Routine magnetic resonance imaging

The MR imaging of the brain was performed using a 1.5 Tesla MRI scanner (Ingenia, Philips) using a Stream Head Neck 20 channel coil. T1-weighted (TR/TE = 600/25 ms), T2-weighted (TR/TE = 6000/90 ms), and FLAIR (TR/TE/TI = 10000/115/2700 ms) sequences were obtained. The scanning parameters were matrix = 80 × 80, field of view (FOV) = 250 × 170 mm2, and slice thickness = 5 mm. Post-contrast T1-weighted images were obtained after intravenous administration of gadoterate meglumine, 0.5 ml/kg (0.1 mmol/kg) body weight, with maximum dose of 10 ml using a 20-22 G venous cannula with flow rate of 2 ml/s.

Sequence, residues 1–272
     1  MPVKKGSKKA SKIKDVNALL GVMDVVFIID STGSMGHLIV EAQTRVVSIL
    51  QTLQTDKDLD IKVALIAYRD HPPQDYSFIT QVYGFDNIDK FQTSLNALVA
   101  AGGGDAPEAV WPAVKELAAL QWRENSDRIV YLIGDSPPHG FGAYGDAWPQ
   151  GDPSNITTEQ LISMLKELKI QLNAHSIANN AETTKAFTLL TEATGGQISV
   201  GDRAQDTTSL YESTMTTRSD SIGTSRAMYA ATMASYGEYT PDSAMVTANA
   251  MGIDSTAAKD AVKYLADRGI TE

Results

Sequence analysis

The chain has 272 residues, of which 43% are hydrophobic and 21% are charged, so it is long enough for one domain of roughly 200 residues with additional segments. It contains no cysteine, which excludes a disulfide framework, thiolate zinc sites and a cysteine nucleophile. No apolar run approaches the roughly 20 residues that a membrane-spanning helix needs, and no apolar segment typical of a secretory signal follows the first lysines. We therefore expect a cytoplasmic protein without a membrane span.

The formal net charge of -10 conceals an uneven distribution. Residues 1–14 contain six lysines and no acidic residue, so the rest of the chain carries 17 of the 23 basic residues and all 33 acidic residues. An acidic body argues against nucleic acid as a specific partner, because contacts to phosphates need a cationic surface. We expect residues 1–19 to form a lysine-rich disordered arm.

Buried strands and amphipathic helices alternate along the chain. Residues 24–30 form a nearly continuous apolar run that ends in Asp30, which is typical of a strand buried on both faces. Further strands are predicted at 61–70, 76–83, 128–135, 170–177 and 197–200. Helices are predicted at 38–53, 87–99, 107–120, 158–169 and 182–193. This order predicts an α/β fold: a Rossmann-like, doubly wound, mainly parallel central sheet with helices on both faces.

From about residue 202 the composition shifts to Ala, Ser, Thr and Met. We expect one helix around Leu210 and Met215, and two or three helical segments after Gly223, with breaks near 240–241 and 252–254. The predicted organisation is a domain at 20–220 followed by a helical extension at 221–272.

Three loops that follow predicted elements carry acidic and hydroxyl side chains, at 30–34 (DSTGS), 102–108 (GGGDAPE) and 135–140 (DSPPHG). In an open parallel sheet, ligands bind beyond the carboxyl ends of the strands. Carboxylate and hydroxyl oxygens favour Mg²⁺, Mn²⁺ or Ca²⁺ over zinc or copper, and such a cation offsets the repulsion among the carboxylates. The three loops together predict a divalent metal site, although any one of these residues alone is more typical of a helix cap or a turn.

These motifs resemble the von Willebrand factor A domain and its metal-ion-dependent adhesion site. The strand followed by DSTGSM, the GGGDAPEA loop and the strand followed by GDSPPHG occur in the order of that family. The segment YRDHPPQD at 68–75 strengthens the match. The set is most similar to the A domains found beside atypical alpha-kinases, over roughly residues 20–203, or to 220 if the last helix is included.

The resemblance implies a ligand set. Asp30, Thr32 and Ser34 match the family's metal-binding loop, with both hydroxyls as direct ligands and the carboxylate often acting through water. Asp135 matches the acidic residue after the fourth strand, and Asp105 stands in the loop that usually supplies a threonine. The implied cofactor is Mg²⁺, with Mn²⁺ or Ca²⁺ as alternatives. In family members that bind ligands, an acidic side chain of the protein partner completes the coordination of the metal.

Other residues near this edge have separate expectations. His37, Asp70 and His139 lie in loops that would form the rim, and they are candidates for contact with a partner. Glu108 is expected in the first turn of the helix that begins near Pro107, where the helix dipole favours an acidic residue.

Arterial spin labelling imaging

ASL perfusion imaging was performed with pseudo-continuous labelling. Multiple time points were acquired after the label pulse. Fast spin echo single-shot EPI parallel imaging sequence SENSE was used with reduction of P 2.3 to reduce echo train length susceptibility-related distortions. The following parameters were used: slice thickness = 8 mm, inter-slice gap = 1.5 mm, FOV = 240 × 240 mm, data matrix = 68 × 68, voxel size = 3.6 × 3.5 × 3 mm, TR/TE = 250/20 ms, slice number = 6, scan duration = 4 min, and post-labelling delay time = 1.5 s.

Diffusion-weighted imaging

Imaging was done in the axial plane using multiple b values (b values of 0 and 1000 s/mm2). It was performed before administration of contrast medium by using a single-shot, spin-echo, echo-planar imaging sequence with the following parameters: slice thickness = 8 mm, inter-slice gap = 1.5, FOV = 240 × 240 mm, voxel size = 1.51 × 2.17 × 5 mm, TR/TE = 3004/88 ms, and scan duration = 1 min.